I looked over at my friend.  He was asleep. In front of us a man began talking. His voice, though quiet, was uncontained. Heads turned around him and for a fleeting moment I felt enough frustration to tell him to stop. But I acknowledged the moment, let it pass, and felt relieved when he took the stage to speak as part of the post-film panel that I had said nothing.

Why didn’t the filmmakers stick to one strand? I had a sense that Mohamed’s role in the film, no doubt incredibly brave, failed for obvious reasons to yield enough visual material needed to tell his story. And so Mohamed’s strand was forced to focus on his almost comedic efforts to become trusted by the pirates and then after he was captured, on his efforts to find a way back to Canada alive.

No doubt there were striking images in the film – namely those showing the cavalier way in which guns were slung across bodies at all times of the day, in any social situation. And there were striking statistics too, contextualizing the amount of money pirates stood to earn compared to the wages of the average Somali. But despite this I left the cinema unsatisfied. As my friend said on the way out: Something was missing.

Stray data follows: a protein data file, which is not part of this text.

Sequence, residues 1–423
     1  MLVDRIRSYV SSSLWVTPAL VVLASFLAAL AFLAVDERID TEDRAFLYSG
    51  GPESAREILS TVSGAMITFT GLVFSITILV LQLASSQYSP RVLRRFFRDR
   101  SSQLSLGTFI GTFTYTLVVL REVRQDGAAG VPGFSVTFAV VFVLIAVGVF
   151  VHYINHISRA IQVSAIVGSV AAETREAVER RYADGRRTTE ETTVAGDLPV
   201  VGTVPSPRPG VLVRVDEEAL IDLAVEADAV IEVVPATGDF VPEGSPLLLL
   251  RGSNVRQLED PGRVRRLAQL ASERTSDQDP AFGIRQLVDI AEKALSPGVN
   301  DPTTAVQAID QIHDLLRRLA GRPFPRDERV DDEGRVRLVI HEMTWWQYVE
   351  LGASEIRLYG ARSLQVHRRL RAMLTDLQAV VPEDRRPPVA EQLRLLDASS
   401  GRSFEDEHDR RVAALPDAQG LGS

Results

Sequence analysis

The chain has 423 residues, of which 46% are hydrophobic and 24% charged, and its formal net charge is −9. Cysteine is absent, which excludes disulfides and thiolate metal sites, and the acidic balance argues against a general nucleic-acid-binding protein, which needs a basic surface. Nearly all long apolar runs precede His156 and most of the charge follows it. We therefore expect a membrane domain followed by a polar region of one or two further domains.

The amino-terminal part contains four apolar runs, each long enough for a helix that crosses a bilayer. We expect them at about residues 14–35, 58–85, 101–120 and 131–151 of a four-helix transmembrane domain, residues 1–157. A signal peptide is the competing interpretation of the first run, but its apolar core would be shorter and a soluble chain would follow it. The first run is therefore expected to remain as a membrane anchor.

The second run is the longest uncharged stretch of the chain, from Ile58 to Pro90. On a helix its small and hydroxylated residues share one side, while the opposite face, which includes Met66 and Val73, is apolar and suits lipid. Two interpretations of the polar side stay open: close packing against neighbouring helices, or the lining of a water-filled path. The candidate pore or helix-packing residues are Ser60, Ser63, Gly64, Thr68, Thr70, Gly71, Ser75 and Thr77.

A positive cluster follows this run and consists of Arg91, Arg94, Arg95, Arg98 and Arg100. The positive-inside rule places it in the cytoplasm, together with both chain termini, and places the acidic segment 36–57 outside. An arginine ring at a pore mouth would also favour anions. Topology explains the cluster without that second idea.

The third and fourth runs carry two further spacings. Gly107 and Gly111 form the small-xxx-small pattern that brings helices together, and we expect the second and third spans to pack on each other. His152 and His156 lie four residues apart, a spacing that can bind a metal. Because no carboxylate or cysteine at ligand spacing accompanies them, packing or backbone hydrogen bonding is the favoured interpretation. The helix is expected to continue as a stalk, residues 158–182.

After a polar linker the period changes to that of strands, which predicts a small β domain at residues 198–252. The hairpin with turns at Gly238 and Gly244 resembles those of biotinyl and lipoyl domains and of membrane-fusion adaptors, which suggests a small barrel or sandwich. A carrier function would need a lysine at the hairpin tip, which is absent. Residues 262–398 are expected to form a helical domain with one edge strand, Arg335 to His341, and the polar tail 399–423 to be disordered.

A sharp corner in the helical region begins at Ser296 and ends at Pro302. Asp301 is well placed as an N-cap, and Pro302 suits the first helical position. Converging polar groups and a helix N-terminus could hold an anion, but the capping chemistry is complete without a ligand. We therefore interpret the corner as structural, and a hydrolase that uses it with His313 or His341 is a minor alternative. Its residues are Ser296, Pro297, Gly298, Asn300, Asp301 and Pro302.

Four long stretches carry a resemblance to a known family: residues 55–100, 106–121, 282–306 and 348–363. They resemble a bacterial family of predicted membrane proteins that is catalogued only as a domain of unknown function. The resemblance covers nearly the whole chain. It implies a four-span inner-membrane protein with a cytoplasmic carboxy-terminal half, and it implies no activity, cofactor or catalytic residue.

To read more about the film, and to watch a trailer as well as a short video on the history of piracy, visit the website:

My Reincarnation: Jennifer Fox’s New Documentary